It seems an opportunity missed, though. Obviously viewing figures are not going to be massive, but why not make a virtue out of this and use it as a chance to experiment with something a bit different? It seems unlikely that your Big Four-following, permanently seething dimbo casual fan is going to be that bothered by Japan v Mexico, so the argument that the state broadcaster 'has to appeal to the lowest common denominator' does not hold water here. Why not use this opportunity to try out some of the up-and-comers in the BBC, or get some presenters and pundits from outside the football inner circle? Does Lineker really need the work?
Anyhow, we will find it almost astonishing if Tim Vickery isn't involved at some point. An always engaging South American expert, he's often to found on the BBC World Service football programmes, so quite why he isn't the default choice to head up the BBC coverage rather than any number of people who simply don't know that much, is a question we will never get an answer to.
As our favourite BBC presenter is Mark Chapman we exclude him from any of this criticism. Thankfully he'll be on hand to reduce the polo-shirted golf clubbiness. He's also to found here presenting an excellent half hour show about the tournament. Highly recommended, this is the sort of stuff the BBC does really well - lots of old clips, a preview of each side, and even a short interview with Fat Ronaldo whose head is now so big it appears to have its own gravitational pull. An excellent aperitif which sets you up nicely for the first games on Saturday.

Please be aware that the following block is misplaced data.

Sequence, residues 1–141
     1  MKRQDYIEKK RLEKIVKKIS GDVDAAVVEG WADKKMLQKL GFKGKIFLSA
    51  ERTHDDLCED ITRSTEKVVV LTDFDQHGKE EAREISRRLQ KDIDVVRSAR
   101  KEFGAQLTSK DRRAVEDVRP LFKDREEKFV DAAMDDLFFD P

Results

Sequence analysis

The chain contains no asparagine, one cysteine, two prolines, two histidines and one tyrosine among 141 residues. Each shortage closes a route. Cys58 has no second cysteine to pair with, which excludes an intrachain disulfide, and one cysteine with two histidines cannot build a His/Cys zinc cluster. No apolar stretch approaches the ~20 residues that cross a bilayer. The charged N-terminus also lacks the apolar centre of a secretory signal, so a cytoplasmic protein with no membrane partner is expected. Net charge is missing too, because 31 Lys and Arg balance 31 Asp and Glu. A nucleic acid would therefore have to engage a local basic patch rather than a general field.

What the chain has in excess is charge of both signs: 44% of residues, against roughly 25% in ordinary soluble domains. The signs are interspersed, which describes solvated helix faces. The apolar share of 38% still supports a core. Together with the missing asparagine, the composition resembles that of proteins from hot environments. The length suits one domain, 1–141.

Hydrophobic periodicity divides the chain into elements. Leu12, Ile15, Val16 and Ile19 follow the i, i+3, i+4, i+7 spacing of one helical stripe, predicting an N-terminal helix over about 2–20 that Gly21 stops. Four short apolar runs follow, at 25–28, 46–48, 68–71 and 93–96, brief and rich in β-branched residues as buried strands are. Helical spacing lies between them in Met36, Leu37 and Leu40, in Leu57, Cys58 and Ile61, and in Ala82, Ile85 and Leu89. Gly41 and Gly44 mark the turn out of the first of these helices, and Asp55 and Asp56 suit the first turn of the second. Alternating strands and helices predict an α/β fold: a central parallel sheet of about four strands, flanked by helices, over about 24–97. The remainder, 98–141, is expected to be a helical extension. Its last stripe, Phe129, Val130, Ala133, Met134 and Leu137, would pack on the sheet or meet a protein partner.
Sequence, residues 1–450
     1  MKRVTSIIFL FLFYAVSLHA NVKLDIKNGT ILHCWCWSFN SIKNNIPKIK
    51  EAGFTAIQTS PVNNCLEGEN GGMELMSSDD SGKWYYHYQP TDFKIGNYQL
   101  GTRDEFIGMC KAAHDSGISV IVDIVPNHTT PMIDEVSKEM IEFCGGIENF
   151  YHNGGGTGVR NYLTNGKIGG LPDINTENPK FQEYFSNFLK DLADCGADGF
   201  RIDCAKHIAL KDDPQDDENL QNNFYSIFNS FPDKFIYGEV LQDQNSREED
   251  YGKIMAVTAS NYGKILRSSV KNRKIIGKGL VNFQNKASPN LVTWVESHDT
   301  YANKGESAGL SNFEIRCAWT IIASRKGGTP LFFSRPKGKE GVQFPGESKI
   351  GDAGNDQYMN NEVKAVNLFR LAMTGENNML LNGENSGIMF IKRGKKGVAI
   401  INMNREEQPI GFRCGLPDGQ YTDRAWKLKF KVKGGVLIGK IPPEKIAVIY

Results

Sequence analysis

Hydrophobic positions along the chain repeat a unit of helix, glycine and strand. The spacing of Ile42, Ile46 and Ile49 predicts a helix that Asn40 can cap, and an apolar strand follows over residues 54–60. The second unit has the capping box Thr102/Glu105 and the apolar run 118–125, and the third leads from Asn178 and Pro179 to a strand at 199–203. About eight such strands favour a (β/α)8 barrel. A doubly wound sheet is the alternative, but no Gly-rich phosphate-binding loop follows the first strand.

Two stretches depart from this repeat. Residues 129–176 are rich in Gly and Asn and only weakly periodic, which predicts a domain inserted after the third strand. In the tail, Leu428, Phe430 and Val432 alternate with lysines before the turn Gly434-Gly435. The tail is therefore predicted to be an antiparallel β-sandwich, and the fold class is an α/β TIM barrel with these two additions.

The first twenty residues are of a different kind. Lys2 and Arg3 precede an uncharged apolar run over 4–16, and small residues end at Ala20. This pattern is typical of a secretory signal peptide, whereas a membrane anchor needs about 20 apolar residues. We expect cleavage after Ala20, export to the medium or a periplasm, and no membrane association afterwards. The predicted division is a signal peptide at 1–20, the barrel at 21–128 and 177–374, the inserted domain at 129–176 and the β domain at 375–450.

The BBC is all over the Confederations Cup in an interactive websitey way, broadcasting all of the games somewhere or other, be it on the actually steam-powered tube on BBC1 & 3, red button, online and beamed into your arse via their new digital fisting technology. Actually , we made that last one up...or did we?
Here's where you can find out the hows, whats, whens & wheres but probably not the whys.
Fans of stadium porn will also enjoy these photos of the grounds the games are being played in here.
We should also mention that the U21 Tourney that is still on-going without Stuart Pearce's unhappy mob, and is providing much fun. This weekend sees the semi-finals between Spain and Norway, while Italy play Holland. The final is next Tuesday. You can find all these games on Sky Sports 2.
And if that isn't enough international football, Eurosport has World Cup qualifiers next week between Uzbekistan v Qatar, Australia v Iraq and Oman v Billingham Synthonia, or possibly, Jordan. They will also be featuring the U20 World Cup which will give everyone who enjoys self-loathing another chance to punch themselves in the balls with a copy of the Daily Mail while watching England take on Iraq on 23rd June.
So, basically: don't panic. It's not a football-free wilderness on the TV this summer after all.
John Nicholson and Alan Tyers
Read Johnny's book, 'The Meat Fix' here
Alan's football and cricket books are all in one place here